This class is not software-oriented and you will be partly responsible for teaching yourselves. Some light skill-oriented instruction—such as software training (Adobe InDesign, Illustrator, Photoshop, and Figma) and craft production—will be worked into the curriculum, depending on the needs of the class members. If you have not had Mac experience, and/or you are not familiar with page layout software, it is recommended that you obtain experience/instruction outside of class early in the semester.

Online classes are hard for everyone, especially in terms of communication across different time zones. What I need from all of you is transparent, clear and constant communication. By doing so we will keep the class on track and will limit the amount of assumptions or misunderstandings throughout the semester. To help guide this, I will be sharing a weekly email and class recording with all of you that outlines the following weeks assignments, readings and other material. Along with an email, our class will rely on the class website, Slack and Canvas application with all of the latest information and materials.

It is important to me that students from all diverse backgrounds and perspectives are well-served by this course, that students’ learning needs are addressed both in and out of class, and that the diversity students bring to this class are viewed as a resource, strength, and benefit. I strive to present materials and activities that challenge accepted canons and are respectful and representative of diversity: gender, sexual orientation, disability, age, socioeconomic status, ethnicity, race, culture, perspective, and other background characteristics. Your suggestions about how to improve the value of diversity in this course are always encouraged and appreciated. Please let me know how I might improve the effectiveness of the course for you personally or for other students or student groups.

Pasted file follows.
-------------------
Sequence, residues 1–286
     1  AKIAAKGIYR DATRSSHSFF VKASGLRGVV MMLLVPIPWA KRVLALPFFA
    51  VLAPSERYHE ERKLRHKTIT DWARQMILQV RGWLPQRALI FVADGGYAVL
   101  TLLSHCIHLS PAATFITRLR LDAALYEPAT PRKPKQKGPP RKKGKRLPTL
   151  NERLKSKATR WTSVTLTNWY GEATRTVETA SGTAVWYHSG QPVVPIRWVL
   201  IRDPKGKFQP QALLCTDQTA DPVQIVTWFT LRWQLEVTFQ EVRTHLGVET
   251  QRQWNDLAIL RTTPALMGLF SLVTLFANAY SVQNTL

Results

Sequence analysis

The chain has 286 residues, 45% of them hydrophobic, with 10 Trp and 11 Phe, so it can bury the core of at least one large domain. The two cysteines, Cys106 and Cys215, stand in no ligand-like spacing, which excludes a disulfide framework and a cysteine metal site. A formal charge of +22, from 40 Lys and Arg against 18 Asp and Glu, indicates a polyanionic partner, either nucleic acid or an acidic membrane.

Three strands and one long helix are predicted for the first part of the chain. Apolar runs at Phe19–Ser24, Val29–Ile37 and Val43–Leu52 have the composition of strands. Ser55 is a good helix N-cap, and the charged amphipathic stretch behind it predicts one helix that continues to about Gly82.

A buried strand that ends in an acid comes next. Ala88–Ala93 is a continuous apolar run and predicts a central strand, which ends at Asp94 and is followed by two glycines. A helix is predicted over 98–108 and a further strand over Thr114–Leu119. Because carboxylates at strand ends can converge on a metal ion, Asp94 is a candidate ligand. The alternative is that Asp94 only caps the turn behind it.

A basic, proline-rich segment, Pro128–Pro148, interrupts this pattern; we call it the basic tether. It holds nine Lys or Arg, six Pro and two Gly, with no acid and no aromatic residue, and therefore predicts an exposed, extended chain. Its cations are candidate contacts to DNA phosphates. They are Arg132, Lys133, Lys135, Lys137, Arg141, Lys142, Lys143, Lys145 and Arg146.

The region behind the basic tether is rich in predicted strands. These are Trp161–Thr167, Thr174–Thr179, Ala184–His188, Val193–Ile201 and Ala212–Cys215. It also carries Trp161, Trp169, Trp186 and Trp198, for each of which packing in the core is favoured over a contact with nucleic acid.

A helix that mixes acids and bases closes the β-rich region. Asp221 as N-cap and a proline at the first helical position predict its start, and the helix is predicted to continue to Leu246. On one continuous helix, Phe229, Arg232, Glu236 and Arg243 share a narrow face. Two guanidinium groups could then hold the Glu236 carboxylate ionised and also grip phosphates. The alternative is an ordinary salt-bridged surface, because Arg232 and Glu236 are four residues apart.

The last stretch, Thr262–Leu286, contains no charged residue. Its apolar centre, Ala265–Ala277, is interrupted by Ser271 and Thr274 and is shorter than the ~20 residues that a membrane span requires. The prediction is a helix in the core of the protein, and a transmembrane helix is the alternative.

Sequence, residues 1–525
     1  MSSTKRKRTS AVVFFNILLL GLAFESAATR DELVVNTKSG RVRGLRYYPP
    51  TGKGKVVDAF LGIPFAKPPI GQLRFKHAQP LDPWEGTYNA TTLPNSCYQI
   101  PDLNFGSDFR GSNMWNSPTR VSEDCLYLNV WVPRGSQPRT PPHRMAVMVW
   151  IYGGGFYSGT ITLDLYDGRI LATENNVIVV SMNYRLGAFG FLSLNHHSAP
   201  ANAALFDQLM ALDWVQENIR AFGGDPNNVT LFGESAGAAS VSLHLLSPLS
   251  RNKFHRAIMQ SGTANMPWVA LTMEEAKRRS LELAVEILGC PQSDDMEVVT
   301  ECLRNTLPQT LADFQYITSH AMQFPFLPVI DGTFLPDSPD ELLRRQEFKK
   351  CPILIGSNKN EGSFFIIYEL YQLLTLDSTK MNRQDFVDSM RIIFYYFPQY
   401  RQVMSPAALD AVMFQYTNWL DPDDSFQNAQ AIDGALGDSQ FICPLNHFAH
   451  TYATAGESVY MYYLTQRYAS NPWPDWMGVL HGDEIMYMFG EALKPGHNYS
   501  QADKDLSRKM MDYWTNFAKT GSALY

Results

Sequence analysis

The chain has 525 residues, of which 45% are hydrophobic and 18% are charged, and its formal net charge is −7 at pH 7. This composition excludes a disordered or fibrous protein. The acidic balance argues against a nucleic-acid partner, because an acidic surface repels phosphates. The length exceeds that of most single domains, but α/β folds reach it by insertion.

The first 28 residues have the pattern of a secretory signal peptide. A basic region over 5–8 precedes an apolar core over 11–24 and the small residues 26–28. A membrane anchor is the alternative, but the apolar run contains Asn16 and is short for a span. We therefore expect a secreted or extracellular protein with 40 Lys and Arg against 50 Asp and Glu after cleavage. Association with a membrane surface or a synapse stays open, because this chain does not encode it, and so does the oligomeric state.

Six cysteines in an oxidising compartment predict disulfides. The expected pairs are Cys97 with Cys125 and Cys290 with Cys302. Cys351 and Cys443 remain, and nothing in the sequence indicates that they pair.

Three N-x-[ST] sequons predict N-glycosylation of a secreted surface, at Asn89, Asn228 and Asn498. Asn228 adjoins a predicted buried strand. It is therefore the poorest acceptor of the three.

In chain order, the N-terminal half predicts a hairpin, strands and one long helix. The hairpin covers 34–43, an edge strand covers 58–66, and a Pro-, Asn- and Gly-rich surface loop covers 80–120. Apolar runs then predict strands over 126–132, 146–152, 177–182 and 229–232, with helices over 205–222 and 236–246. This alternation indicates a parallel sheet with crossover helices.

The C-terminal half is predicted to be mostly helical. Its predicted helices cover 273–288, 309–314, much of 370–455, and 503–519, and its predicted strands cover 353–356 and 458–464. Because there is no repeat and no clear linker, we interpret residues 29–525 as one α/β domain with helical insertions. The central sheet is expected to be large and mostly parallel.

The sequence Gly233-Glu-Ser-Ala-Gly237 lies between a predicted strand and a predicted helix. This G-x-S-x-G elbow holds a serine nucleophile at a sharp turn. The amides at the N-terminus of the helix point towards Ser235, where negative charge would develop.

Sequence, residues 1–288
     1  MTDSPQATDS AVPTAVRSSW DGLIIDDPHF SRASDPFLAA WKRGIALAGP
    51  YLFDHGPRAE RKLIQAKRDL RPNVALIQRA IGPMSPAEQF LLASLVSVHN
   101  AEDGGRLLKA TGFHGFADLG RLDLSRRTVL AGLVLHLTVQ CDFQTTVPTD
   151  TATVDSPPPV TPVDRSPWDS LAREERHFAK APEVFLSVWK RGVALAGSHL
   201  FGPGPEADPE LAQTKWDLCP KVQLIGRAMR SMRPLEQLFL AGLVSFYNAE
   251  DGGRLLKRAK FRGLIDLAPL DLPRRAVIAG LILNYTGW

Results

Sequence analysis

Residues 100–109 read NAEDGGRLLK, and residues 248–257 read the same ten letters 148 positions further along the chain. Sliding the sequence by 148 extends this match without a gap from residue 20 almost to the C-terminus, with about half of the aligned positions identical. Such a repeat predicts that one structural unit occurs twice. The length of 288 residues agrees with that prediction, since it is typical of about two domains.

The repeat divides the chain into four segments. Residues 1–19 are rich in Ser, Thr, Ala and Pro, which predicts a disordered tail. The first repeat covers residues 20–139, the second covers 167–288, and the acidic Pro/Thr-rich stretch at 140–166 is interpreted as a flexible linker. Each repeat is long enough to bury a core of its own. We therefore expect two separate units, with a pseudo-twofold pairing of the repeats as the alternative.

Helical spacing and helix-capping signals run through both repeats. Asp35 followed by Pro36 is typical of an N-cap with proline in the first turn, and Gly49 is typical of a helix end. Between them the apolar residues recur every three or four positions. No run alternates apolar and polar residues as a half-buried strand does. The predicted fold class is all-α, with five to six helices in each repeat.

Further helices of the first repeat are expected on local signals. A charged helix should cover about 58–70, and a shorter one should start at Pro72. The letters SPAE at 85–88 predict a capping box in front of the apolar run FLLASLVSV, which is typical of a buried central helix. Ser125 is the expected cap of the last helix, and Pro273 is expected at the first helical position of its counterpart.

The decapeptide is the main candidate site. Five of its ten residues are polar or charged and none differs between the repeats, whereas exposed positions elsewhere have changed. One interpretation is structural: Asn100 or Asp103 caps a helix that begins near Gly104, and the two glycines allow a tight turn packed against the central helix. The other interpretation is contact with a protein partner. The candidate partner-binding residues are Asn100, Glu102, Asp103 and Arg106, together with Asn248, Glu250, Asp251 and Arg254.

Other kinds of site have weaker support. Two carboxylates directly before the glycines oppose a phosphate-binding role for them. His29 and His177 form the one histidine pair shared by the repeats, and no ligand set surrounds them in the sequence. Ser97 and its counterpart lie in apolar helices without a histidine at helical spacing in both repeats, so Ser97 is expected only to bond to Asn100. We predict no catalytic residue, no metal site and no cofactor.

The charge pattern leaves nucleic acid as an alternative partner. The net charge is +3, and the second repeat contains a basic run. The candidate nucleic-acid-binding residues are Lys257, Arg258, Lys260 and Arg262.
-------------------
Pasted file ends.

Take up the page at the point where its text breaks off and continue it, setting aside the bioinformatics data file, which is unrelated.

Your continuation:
In order to receive academic accommodations due to a disability, a student must first register with the Office of Disability Services (ODS). Students approved for accommodations will be given an ODS Accommodation Letter to submit to their instructors. If a student does not provide an ODS Accommodation Letter to their instructor, they will not be eligible to receive accommodations in that course. All instructors are required to adhere to SVA’s policies regarding accommodations for students with disabilities. Students who have a need for academic accommodations, or suspect they may have a disability, should contact the ODS via telephone: 212-592-2396, or visit the office: 340 East 24th Street, 1st Floor, New York, NY 10010,
or email:

The goal of this class is to experience the positivity of good design, to experiment with modes of thought, develop our ability to express those thoughts through design, and to constantly do so with joy and excitement. If we aren’t enjoying what we’re doing, what’s the point?

  • laptop or desktop computer
  • Wifi
  • Google Drive (docs, slides, etc.)
  • Slack (messaging app)
  • Adobe Creative Suite (Photoshop, Illustrator, Indesign and After Effects)
  • Figma
  • course website
  • file backup software (Google Drive), hard drive



686 325 0291
Basic Graphic Design I
School of Visual Arts
Fall 2020
Wednesdays, 6:45–9:55pm
Anthony Zukofsky,